Beware of research. If an undergrad writes something all his friends start using, it's quite likely to represent a good startup idea. Whereas a PhD dissertation is extremely unlikely to. For some reason, the more a project has to count as research, the less likely it is to be something that could be turned into a startup. I think the reason is that the subset of ideas that count as research is so narrow that it's unlikely that a project that satisfied that constraint would also satisfy the orthogonal constraint of solving users' problems.
~ from "how to get startup ideas" by paul graham.
well, in that case i'm set:
being a researcher, that means it's easy to leave the money-making to the mercenaries.
maybe i'm channeling cayley and hardy overmuch , but there is something relieving in doing work that is not immediately applicable to anything. for instance,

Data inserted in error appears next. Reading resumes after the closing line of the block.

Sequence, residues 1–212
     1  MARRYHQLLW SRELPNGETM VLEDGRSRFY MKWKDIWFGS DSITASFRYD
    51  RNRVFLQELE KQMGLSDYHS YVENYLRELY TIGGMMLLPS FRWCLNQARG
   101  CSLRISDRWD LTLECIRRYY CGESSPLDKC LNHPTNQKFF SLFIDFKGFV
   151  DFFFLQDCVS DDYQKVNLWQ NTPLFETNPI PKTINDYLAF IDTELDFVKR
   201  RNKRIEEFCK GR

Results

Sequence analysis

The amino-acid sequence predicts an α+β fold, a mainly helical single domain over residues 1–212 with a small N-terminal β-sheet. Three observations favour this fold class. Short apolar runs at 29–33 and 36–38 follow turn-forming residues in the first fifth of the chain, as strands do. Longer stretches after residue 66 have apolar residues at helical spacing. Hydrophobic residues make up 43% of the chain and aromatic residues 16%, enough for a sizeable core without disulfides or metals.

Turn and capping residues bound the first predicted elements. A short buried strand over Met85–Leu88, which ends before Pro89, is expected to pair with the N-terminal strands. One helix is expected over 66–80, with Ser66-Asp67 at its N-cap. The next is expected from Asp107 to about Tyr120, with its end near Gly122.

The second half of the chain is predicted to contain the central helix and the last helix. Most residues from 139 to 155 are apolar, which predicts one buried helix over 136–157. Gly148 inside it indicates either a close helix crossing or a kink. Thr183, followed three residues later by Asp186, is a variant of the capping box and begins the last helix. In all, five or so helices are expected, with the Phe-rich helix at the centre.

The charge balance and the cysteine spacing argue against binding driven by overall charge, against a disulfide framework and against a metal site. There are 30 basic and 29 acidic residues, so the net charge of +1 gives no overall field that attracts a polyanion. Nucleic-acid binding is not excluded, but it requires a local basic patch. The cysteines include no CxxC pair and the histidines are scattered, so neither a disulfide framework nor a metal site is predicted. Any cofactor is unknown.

- you're not arming militaries with new, more dangerous weapons,
- you're not making poor people poorer and rich people richer,
- you're not coding an iphone app that just makes it more likely for tech-addicts to further ignore each other at the dinner table.
 “I have the highest admiration for the notion of a quaternion; but, as I consider the full moon far more beautiful than any moonlit view, so I regard the notion of a quaternion as far more beautiful than any of its applications.”